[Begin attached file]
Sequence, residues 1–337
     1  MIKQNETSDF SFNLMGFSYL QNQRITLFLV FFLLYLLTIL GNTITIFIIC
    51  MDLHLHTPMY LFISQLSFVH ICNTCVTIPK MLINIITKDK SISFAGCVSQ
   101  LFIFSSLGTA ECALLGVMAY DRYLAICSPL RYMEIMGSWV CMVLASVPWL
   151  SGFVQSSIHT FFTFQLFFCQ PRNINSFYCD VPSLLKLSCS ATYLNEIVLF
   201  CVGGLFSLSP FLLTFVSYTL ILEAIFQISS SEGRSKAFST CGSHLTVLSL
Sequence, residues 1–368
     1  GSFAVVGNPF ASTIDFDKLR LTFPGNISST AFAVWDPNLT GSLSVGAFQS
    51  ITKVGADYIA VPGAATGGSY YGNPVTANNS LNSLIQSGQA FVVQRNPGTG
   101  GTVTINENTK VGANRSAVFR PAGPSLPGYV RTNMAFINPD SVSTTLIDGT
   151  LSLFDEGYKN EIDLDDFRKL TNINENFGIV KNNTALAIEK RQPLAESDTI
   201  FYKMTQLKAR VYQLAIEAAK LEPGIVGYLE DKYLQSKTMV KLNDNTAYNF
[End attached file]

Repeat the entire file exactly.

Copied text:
Sequence, residues 1–337
     1  MIKQNETSDF SFNLMGFSYL QNQRITLFLV FFLLYLLTIL GNTITIFIIC
    51  MDLHLHTPMY LFISQLSFVH ICNTCVTIPK MLINIITKDK SISFAGCVSQ
   101  LFIFSSLGTA ECALLGVMAY DRYLAICSPL RYMEIMGSWV CMVLASVPWL
   151  SGFVQSSIHT FFTFQLFFCQ PRNINSFYCD VPSLLKLSCS ATYLNEIVLF
   201  CVGGLFSLSP FLLTFVSYTL ILEAIFQISS SEGRSKAFST CGSHLTVLSL
Sequence, residues 1–368
     1  GSFAVVGNPF ASTIDFDKLR LTFPGNISST AFAVWDPNLT GSLSVGAFQS
    51  ITKVGADYIA VPGAATGGSY YGNPVTANNS LNSLIQSGQA FVVQRNPGTG
   101  GTVTINENTK VGANRSAVFR PAGPSLPGYV RTNMAFINPD SVSTTLIDGT
   151  LSLFDEGYKN EIDLDDFRKL TNINENFGIV KNNTALAIEK RQPLAESDTI
   201  FYKMTQLKAR VYQLAIEAAK LEPGIVGYLE DKYLQSKTMV KLNDNTAYNF